A freshman, not just at MIT, is a student entering into a new environment, a new life that is away from their family and away from everything that were familiar to them for these many years. The behavior you are pointing out seems somewhat normal at the age where they are close to graduate from being a teenager. Statistically speaking, how many MIT students have we seen that do not success only for being arrogant? Sometimes confidence is also mistaken as arrogance so I would also be careful about the selection of my word.

Which brings a very good point that the smell of newly experiencing freedom sometimes may throw some students into a recklessness of overconfidence, which in turn may hurt them. But that is only ignorance, which eventually will go away, as some people learn through mistakes.

While I disagree with part of your statement "being a student at MIT may not say much alone", I completely agree with the later part: "taking advantage of the remarkable opportunities this university has to offer is what ultimately makes a world of difference".

- From a parent of a freshman

Anthony over 10 years ago

I couldn't agree more on the hyper-focus on grades that seems to increase as the new classes come in. Part of what makes MIT great is the extra work with professors/internships/outside groups.

Yet as competition for limited spots increases, causing an extreme focus on grades and classes, new students don't adjust accordingly and are not prepared to completely shift their thinking. Some may, over time, but would we ever see, for example, the revolts against war on campus today that we saw, for example, in Chomsky's era? I doubt it - god forbid you miss a class.

David over 10 years ago

"""After some arithmetic to clear up the confusion, one freshman declared, I am a math major, with a haughty smirk sprawled across his face."""

None of my course 18 friends (including me!) have been capable of arithmetic since approximately when they first took calculus, so this seems like a dubious claim.

Anonymous over 10 years ago

Pleading ignorance and humility, will someone who knows, please clear up for all of us...is it "If a MIT student would brag about being a math major," or "bragging about being an MIT student..."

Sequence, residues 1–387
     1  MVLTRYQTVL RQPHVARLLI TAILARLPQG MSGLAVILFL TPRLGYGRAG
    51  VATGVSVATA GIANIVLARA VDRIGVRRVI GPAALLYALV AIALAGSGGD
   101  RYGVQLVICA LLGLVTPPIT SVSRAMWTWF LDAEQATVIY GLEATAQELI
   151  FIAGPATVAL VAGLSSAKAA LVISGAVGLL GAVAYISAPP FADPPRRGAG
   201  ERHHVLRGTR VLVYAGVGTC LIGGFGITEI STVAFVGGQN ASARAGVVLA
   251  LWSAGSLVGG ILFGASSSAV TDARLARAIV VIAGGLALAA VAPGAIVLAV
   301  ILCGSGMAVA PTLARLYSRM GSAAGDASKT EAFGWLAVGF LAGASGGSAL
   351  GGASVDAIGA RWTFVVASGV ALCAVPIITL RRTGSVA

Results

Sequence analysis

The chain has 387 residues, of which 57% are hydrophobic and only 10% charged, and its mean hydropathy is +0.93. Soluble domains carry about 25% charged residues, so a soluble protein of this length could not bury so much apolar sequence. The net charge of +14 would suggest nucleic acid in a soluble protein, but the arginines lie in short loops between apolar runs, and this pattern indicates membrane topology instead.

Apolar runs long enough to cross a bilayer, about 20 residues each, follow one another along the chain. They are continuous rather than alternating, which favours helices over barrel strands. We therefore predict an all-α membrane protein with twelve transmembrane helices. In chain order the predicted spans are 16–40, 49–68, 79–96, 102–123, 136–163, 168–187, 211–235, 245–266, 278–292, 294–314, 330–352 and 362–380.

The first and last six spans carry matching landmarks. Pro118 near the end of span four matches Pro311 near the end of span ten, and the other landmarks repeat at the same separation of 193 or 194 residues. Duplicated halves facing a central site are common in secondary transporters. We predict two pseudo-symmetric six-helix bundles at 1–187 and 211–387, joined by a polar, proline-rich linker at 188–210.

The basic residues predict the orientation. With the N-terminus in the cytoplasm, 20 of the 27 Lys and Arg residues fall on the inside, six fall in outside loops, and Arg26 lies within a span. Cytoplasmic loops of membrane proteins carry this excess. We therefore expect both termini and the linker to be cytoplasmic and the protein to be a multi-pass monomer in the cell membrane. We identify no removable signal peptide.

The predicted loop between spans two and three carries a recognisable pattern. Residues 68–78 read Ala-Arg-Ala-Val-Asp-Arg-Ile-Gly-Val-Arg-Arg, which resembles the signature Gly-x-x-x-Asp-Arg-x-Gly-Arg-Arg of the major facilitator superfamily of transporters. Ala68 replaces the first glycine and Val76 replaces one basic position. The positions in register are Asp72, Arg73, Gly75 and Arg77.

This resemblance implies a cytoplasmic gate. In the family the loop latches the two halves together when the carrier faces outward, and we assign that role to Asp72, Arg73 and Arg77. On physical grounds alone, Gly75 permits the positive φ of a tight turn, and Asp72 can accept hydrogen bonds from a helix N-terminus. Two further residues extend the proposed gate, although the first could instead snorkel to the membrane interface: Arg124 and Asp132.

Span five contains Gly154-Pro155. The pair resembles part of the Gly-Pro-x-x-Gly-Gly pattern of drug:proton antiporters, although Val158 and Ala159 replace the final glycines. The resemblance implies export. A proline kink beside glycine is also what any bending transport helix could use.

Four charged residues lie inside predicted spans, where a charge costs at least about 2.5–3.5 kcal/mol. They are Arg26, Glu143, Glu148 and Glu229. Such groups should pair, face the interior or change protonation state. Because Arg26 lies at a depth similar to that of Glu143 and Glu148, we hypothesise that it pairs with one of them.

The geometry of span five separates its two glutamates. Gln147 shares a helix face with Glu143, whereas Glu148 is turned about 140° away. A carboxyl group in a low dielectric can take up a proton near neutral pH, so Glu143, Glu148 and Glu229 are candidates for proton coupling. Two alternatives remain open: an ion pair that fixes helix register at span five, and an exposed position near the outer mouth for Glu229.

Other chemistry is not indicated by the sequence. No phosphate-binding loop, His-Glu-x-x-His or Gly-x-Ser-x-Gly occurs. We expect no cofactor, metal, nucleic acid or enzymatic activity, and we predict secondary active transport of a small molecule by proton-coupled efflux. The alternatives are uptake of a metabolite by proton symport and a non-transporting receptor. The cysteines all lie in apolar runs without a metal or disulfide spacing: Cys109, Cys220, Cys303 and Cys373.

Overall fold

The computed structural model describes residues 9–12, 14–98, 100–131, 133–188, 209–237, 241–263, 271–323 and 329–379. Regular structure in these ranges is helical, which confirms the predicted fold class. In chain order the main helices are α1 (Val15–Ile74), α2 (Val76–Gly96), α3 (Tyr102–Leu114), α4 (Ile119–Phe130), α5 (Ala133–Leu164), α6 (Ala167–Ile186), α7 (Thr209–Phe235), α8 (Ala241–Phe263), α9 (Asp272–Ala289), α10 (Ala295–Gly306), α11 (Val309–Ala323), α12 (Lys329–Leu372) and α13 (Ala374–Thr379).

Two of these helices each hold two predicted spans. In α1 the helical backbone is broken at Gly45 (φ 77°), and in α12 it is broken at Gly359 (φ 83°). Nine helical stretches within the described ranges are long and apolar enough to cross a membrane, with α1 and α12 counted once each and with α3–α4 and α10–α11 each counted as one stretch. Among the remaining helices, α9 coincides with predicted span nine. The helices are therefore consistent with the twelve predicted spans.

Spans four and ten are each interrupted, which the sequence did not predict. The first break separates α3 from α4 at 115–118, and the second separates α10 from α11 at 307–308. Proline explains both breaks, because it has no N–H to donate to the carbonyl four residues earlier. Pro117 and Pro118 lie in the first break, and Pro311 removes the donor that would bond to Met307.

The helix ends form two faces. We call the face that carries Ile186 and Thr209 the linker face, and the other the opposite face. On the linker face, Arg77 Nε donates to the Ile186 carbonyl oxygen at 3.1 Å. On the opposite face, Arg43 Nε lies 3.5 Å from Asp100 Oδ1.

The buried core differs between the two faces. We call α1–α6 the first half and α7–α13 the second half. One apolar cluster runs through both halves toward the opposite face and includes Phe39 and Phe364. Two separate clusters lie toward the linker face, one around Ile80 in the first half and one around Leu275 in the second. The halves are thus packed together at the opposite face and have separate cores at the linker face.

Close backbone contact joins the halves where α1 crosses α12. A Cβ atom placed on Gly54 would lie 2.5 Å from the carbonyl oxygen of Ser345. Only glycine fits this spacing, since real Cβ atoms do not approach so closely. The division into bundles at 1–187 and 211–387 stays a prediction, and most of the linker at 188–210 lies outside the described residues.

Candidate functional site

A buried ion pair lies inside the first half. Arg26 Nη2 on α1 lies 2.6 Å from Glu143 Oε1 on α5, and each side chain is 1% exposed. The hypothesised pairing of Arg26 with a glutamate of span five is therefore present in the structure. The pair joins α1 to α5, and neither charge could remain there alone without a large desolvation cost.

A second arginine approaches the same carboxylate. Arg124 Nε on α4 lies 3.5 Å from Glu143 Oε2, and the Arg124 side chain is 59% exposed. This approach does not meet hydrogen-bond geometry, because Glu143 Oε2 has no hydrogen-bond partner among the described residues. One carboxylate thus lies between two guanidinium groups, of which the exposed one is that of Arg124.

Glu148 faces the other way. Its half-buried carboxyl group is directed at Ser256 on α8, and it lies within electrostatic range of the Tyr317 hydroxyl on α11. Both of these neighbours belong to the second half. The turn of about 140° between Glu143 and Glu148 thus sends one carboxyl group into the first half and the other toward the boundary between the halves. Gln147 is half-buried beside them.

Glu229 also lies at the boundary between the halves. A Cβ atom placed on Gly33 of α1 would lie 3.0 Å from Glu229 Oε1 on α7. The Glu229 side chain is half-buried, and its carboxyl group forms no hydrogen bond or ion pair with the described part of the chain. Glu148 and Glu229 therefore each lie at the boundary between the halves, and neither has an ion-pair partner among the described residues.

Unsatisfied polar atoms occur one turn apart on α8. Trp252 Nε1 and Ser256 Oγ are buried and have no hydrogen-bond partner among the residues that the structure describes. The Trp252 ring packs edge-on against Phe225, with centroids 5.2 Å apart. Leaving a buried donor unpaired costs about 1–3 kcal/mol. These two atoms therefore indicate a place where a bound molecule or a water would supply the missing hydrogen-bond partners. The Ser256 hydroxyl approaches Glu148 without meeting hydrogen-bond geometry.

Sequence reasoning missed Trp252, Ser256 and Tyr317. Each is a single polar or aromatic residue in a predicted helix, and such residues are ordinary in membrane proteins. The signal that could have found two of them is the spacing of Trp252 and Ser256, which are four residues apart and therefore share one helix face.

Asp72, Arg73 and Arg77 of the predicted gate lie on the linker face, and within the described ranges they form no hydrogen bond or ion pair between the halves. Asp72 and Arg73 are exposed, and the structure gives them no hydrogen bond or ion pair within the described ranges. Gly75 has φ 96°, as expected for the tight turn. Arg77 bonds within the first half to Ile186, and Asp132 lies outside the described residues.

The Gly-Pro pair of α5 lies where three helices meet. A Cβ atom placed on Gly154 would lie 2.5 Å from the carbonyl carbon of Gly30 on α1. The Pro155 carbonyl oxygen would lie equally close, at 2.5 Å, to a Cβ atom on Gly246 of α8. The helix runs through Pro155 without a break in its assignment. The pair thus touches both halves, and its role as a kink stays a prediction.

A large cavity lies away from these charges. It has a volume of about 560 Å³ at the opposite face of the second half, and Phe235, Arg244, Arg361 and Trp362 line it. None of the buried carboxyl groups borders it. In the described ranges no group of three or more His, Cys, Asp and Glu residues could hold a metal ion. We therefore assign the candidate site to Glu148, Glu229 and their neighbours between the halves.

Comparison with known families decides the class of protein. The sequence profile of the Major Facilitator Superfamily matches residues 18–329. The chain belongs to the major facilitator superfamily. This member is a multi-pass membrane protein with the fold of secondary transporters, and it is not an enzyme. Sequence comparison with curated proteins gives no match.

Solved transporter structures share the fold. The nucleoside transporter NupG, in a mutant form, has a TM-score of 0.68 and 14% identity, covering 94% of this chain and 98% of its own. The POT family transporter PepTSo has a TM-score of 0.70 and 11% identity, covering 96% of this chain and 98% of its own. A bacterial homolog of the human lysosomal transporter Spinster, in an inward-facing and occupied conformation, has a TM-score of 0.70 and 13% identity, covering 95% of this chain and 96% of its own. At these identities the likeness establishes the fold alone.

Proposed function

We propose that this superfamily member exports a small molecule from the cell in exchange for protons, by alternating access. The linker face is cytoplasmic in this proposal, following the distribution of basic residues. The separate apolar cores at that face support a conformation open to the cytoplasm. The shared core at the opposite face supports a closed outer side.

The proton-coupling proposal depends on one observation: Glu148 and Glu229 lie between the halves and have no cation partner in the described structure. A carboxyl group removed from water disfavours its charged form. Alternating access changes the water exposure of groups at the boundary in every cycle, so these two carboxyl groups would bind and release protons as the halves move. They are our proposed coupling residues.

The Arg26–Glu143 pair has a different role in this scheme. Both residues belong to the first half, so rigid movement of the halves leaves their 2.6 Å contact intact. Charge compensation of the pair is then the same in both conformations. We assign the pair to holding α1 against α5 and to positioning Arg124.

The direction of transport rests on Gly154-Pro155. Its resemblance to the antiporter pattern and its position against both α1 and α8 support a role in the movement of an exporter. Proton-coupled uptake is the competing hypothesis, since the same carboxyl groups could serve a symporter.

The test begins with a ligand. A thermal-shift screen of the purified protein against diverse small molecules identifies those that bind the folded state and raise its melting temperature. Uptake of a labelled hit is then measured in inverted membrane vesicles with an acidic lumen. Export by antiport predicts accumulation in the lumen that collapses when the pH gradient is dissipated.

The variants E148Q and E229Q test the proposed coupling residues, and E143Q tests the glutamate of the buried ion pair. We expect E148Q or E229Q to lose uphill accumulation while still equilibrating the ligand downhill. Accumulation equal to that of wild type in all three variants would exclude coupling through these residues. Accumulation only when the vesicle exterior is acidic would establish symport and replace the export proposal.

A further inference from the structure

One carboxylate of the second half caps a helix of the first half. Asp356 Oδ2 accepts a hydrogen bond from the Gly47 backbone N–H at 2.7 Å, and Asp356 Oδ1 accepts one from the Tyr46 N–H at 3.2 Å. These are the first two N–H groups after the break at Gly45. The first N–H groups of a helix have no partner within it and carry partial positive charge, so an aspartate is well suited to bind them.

Thank you in advance--I never know and go to great and cumbersome lengths to avoid this indefinite article in front of MIT, humbling, such as it is, to be so threatened by one little one-letter word.

Were I a freshman, this grammatical error itself would humble me in short time, as I'm certain an upperclassman would soon find it her or his responsibility to correct me. But I'm not. I'm in the most humbling and awe-inspiring role of all--an (or a) MIT mom. You all are totally amazing--prideful freshman to humble seniors (and grad students). I am thoroughly humbled as I think of my daughter and all of you who individually and corporately impact her everyday. Thanks to all.

Anonymous over 10 years ago

It must have taken her hours to find that grammatical error. I thought the article was flawless and very well communicated. Well done. As an upperclassman I agree with it completely. Although the hype dies down after first semester. They will feel the same way about the incoming class and the circle of life goes on.

Anonymous over 10 years ago

In my experience at MIT (class of 2011) I encountered exactly 0 people who used their place at MIT to brag about how awesome they are in a serious manner. So many students are constantly subjected to the "Oh, you go to MIT? You must be really smart!" from strangers that it becomes almost a joke. Solve simple math? "Math major here, no worries, I got this." Screw the top off a jar? "Putting that physics degree to work!"

MIT students are a lot of things - some nice, some not so nice, some arrogant and some humble, but not one that I've ever met has ever tried to use his station at MIT as serious justification in any argument.

Anon \'13 over 10 years ago

This attitude is in no way limited to freshmen.